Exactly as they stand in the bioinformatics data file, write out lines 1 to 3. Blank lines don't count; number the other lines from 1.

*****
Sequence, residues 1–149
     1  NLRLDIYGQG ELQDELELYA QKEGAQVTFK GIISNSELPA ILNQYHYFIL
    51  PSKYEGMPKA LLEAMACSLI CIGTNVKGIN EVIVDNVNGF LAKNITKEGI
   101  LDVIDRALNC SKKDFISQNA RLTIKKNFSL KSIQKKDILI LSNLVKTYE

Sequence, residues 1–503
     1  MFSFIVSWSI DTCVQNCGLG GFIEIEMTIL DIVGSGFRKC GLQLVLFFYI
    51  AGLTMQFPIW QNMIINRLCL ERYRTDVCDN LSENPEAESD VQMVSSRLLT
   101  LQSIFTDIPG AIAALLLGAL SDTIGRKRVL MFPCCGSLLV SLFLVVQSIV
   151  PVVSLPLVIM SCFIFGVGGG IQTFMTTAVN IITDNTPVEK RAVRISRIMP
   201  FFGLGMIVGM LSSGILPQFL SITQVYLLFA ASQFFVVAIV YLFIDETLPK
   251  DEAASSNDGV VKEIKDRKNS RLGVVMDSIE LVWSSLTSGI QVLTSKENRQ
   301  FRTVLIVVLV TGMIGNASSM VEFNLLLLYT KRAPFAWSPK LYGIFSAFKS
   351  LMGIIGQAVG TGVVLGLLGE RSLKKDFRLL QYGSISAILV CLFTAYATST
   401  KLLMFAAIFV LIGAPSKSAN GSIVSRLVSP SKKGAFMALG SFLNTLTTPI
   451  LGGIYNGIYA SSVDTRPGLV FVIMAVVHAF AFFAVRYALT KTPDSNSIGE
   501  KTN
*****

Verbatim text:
Sequence, residues 1–149
     1  NLRLDIYGQG ELQDELELYA QKEGAQVTFK GIISNSELPA ILNQYHYFIL
    51  PSKYEGMPKA LLEAMACSLI CIGTNVKGIN EVIVDNVNGF LAKNITKEGI